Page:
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Does Migration Pay? Earnings effects from geographic mobility following job displacement

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  • Boman, Anders

    ()
    (Department of Economics, School of Business, Economics and Law, Göteborg University)

Abstract

Displaced workers are followed for ten years in order to analyse the earnings effects from internal migration. We utilise a large dataset containing all workers in Sweden who were involuntarily displaced from work during 1987 or 1988. Earnings effects from migration are investigated controlling for human capital, family, and labour market characteristics. Substantial gender differences in earnings effects from internal migration are found, where men in general have positive effects, while the consequences for women are negative.

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File URL: http://hdl.handle.net/2077/3133
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Bibliographic Info

Paper provided by University of Gothenburg, Department of Economics in its series Working Papers in Economics with number 244.

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Length: 20 pages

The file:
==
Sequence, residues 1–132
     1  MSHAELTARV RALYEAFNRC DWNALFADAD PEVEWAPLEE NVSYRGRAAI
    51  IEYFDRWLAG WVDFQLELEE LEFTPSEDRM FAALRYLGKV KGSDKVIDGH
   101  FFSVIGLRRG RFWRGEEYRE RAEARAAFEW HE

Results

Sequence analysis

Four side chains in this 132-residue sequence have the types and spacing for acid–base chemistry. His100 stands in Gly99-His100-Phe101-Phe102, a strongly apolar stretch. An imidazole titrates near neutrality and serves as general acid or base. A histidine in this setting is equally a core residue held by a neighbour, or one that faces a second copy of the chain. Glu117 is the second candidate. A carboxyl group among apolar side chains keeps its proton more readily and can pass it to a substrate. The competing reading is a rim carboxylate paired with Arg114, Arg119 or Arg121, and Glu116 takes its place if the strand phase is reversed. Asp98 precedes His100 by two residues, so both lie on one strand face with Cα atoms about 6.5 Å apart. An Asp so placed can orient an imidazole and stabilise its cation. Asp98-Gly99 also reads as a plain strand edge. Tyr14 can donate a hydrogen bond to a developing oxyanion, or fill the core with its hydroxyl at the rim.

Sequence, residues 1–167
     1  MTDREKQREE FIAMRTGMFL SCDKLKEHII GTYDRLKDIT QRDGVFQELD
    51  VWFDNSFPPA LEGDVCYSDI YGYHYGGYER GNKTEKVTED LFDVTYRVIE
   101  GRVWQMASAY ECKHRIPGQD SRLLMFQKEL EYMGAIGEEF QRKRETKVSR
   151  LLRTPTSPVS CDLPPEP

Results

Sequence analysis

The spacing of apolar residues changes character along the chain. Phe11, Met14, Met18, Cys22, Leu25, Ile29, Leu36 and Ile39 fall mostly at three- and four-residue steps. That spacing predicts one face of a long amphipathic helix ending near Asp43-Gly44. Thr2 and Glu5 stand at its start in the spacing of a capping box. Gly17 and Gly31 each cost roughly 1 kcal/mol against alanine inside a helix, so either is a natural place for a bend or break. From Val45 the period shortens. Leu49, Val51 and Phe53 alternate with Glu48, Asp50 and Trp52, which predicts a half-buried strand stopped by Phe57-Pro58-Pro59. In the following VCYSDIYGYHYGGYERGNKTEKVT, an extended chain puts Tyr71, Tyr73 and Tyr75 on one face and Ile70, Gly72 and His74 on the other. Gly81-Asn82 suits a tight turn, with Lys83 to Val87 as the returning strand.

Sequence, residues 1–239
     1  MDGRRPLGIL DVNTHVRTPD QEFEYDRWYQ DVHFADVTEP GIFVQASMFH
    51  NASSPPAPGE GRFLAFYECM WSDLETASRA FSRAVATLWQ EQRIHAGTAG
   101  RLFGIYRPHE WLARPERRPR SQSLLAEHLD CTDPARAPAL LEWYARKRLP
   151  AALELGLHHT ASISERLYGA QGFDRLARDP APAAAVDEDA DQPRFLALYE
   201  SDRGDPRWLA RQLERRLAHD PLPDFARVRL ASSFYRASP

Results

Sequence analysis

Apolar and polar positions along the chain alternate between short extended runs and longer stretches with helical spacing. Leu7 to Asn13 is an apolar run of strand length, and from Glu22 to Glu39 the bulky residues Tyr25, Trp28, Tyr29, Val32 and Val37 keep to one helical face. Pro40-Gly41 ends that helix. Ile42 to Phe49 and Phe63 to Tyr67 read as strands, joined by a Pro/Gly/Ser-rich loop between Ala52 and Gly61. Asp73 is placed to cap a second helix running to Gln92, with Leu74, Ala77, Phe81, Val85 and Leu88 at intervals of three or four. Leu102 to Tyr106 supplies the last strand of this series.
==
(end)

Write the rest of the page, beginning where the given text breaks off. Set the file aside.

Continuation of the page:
Date of creation: 27 Feb 2007
Date of revision: 31 Aug 2007
Handle: RePEc:hhs:gunwpe:0244

Contact details of provider:
Postal: Department of Economics, School of Business, Economics and Law, University of Gothenburg, Box 640, SE 405 30 GÖTEBORG, Sweden
Phone: 031-773 10 00
Web page: http://www.handels.gu.se/econ/
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Keywords: internal migration; earnings effects; job displacement;

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  1. Jennifer Hunt, 2004. "Are migrants more skilled than non-migrants? Repeat, return, and same-employer migrants," Canadian Journal of Economics, Canadian Economics Association, vol. 37(4), pages 830-849, November.
  2. John T. Addison & Pedro Portugal, 1987. "The effect of advance notification of plant closings on unemployment," Industrial and Labor Relations Review, ILR Review, Cornell University, ILR School, vol. 41(1), pages 3-16, October.
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